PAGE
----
OKLAHOMA CITY — Muslims converged Monday on the Capitol to learn more about the legislative process and to let their voices be heard.

Only a handful of protesters met them outside the Capitol building, where many more supporters from the interfaith community made them feel welcome.

“I don’t believe in their ideology,” said Tempest Yong of Moore, who held a sign criticizing the Council on American-Islamic Relations. “I don’t believe all of that crap.”

In prior years, the number of protesters was higher.

Supporters carried signs reading “Welcome Muslim Friends,” “We’re glad you’re here,” and “Good Morning Neighbor.”

Evan Taylor, a minister from East Side Christian Church in Tulsa, said he came to show support for the Muslims.

In past years, they had been marginalized and insulted, Taylor said.

Inside the building, there was an increased presence from the Oklahoma Highway Patrol.

Veronica Laizure, CAIR Oklahoma civil rights director, said part of her organization’s mission is to protect civil liberties.

She told those attending not to let it be the only day they advocate.

One day, a Muslim might be a member of the Oklahoma Legislature, Laizure said.

Adam Soltani, CAIR Oklahoma executive director, said about 125 Muslims attended, plus several members of the interfaith community.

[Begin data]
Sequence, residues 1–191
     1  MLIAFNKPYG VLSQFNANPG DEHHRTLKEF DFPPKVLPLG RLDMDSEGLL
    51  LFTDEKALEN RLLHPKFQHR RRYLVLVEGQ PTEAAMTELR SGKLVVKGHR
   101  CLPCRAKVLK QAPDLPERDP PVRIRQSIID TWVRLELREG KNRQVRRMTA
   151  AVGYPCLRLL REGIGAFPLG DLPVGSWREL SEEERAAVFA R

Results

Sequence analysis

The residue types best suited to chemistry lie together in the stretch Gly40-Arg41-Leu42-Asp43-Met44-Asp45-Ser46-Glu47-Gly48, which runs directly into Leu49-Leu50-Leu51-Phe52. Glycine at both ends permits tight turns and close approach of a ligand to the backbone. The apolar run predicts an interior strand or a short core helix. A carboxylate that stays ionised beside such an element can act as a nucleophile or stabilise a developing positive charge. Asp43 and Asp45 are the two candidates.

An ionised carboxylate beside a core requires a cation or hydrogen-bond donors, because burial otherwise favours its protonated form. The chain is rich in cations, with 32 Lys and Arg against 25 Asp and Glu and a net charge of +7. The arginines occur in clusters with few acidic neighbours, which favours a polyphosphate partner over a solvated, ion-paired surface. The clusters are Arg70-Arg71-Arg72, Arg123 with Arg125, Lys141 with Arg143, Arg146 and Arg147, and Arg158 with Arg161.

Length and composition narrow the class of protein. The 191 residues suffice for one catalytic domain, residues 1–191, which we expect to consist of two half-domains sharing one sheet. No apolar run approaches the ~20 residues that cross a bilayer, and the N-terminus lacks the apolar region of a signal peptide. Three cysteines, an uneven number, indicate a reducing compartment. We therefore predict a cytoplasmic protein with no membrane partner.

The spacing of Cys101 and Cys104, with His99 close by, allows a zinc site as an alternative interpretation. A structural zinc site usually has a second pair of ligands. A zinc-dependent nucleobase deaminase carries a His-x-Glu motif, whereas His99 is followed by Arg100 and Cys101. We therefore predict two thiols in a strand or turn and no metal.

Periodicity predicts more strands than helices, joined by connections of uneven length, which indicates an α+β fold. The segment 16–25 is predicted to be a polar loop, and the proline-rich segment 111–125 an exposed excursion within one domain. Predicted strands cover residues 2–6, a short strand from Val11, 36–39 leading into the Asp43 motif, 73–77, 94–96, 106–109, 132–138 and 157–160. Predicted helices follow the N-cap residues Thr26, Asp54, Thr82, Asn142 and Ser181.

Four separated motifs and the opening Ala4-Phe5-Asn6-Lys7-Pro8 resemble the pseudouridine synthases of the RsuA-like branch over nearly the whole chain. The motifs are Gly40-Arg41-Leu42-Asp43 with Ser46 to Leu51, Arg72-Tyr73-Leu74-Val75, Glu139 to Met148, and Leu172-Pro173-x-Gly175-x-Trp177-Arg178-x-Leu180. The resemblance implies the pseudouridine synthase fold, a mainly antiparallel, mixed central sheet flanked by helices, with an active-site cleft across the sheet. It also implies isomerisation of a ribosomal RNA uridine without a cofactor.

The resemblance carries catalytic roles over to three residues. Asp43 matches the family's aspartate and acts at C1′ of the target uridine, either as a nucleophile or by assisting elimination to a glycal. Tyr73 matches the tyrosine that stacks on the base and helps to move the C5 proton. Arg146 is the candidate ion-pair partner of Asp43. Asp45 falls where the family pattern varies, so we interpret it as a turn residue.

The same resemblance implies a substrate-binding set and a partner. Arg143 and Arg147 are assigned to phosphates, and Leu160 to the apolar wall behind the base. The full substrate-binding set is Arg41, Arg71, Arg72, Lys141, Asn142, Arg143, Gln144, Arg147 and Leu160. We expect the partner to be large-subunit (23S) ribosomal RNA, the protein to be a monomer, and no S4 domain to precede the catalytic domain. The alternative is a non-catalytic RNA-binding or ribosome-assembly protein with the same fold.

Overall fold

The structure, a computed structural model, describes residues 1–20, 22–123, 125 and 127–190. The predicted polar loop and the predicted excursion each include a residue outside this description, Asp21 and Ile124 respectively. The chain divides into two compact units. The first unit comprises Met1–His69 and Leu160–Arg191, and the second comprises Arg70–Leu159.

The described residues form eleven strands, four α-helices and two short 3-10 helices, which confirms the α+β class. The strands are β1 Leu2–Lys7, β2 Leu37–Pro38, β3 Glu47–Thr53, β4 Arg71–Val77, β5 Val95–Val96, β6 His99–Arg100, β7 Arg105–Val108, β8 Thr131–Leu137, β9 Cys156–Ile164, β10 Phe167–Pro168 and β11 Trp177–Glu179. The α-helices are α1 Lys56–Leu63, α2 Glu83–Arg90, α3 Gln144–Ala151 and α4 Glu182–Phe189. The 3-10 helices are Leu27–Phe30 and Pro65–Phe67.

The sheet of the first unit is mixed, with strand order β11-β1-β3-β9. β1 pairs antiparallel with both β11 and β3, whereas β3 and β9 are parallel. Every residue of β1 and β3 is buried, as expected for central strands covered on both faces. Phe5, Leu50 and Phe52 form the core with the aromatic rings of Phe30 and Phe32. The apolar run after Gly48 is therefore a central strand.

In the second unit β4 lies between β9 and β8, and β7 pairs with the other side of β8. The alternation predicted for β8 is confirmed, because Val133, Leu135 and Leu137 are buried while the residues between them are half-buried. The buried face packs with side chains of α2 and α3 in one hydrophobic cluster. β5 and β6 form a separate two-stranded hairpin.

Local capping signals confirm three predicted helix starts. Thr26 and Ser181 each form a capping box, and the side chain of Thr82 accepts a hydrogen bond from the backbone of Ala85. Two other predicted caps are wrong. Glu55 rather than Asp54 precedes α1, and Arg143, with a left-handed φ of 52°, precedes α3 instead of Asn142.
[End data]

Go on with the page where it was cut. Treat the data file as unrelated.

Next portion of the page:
Lani Habrock, CAIR Oklahoma government affairs director, said clergy from minority religions, including Islam, have been excluded from serving as chaplain in the House chamber.

“Today, we are here to say we have power,” she said, adding that those in attendance do vote.

Oklahoma is not at odds with Islam, just as Islam is not at odds with Oklahoma, Habrock said.

“We will not accept discrimination,” she said. “Muslim rights are human rights.”

She told members to chip away at racism, ignorance and intolerance.

When Muslim Day at the Capitol began in 2015, there was a lot of anxiety and concern, Soltani said. Those attending were met with protests, hatred and bigotry, he said.

The anxiety has now turned to excitement, while the apprehension has become confidence, Soltani said.

He said his message to lawmakers was to get used to Muslims, because “we are not going anywhere.”

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